NATE: I think I understand what you’re saying. I don’t see it that way, especially if there really is any kind of eternal stakes involved. But I do understand why some people hold the view you’re suggesting, and I think it’s a far preferable view to fundamentalism.
MY LONGER ANSWER: Hmmm…I’m not sure you quite do understand what I’m saying, and I’m certainly not trying to be flippant here, but let me clarify…
To me, belief is a heart issue, not a knowledge issue. You can’t “knowledge” your way into anything without the heart to back it up. I know of several people who could run circles around me with their biblical knowledge yet I see little evidence that any of it has entered their heart in any meaningful way.
I kinda hate to keep coming back to this, buuuuuuuttttt, this too is one of the fundamental differences between the Eastern and Western mindset: when you’re talking about biblical scripture, you need to understand it from within the context and cultural for which it was written.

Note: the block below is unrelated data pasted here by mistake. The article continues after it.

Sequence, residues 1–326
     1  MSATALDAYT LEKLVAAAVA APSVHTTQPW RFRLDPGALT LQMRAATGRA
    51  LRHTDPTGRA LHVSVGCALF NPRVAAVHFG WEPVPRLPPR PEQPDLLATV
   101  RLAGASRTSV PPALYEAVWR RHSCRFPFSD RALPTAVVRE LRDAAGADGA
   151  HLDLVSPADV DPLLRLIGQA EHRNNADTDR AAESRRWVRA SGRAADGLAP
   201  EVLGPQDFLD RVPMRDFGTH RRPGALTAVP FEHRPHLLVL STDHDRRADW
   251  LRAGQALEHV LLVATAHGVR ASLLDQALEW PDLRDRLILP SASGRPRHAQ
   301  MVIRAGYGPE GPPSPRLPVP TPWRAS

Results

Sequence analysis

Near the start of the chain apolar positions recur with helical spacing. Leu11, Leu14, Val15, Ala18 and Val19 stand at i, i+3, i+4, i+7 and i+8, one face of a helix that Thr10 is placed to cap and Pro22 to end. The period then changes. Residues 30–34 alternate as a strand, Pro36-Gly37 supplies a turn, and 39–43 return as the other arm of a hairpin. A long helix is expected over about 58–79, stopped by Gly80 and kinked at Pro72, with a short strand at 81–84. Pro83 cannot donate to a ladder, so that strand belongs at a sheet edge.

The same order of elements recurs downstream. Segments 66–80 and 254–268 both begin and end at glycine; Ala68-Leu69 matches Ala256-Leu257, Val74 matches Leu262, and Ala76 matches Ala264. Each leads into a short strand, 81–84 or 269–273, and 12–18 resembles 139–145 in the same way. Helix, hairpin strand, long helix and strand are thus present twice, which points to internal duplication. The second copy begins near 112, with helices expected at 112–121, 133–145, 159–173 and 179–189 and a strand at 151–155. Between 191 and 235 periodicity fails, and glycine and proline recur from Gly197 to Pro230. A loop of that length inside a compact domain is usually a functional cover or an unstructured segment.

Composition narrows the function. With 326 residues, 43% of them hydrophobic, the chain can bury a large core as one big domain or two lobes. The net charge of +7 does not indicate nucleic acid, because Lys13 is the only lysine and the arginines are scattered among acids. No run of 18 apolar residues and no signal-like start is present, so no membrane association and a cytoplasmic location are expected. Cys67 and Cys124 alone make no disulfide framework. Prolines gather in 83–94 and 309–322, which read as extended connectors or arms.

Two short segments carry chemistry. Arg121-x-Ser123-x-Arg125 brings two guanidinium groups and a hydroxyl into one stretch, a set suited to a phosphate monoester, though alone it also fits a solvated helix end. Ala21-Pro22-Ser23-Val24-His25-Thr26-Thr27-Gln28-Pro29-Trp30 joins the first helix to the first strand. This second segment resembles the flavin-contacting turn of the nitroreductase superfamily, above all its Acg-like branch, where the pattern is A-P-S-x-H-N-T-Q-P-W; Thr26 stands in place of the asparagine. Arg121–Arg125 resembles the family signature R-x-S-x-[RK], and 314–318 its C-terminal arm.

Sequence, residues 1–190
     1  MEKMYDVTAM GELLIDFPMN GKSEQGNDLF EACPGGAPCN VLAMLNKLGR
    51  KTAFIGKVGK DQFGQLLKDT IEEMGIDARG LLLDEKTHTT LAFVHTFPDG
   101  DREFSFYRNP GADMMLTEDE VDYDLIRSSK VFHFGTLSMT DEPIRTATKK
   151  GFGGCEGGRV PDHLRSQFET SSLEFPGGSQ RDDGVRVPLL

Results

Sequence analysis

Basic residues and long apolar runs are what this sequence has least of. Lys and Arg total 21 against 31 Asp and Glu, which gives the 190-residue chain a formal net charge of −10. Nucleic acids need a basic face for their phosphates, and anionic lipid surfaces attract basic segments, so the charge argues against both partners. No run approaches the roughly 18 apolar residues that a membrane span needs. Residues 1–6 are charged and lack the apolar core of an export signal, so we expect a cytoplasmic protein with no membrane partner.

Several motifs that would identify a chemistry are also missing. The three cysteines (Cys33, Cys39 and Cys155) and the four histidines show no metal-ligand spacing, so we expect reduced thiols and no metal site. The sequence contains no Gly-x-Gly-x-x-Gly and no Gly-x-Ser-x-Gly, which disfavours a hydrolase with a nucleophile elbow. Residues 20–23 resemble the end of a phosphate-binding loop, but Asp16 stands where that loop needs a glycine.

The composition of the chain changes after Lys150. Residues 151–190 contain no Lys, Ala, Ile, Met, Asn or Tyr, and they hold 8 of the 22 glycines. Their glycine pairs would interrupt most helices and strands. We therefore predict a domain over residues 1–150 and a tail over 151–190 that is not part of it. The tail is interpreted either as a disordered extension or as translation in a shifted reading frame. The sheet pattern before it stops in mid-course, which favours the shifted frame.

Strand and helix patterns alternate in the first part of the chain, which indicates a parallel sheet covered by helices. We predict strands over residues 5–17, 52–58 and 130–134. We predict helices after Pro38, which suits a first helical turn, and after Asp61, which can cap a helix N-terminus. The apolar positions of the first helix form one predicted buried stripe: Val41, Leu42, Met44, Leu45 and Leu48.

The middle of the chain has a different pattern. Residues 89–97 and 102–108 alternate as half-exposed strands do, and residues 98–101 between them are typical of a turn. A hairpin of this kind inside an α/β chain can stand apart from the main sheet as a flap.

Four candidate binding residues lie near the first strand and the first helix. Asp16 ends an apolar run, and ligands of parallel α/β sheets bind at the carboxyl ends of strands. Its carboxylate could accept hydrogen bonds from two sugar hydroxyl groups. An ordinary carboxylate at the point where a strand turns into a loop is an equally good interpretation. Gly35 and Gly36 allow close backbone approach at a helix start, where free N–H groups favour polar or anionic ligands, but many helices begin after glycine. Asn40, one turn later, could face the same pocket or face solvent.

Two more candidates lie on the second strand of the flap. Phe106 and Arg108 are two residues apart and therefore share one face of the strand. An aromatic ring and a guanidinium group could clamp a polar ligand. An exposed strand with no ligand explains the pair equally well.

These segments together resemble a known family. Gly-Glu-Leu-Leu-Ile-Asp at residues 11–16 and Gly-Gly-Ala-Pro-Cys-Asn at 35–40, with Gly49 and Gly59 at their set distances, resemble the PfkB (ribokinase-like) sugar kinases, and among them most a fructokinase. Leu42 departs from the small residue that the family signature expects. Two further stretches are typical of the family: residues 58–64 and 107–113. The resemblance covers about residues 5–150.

As I always say when I mention this Western/Eastern thing, trying to understand it within the context/culture/history of 1st century Jews does not in any way diminish the relevancy to us today in a 21st century Western culture…in fact, most often it enhances it.
And I know you’re probably going to ask why, in the 21st century, we have not been given the tools to understand scripture within the 1st century context and if these tools haven’t been passed down how are we to believe the bible is in any way “inspired”?
Well, I see the answer as something like this: There’s a marked difference, at least to me, between “inspiration” and “legacy”. We have been given an overall crappy legacy by our religious forefathers, with a scant few exceptions. Faith is not difficult. Belief is not difficult.
Religion is hard!
Jesus says, “Believe in me. Believe also in the one who sent me.”
Then came the disciples.
Then came Paul.
Then came the Catholic Church.
Then came the Inquisitions.
Then came the Reformation.
Then came the Protestants.
Then came the Calvinists.
Then came the Hobbesists.
Then came Uncle Jimmy’s First Cousin Bubba’s Best Friend Leon’s………….
Ad infinitum. Ad nauseam.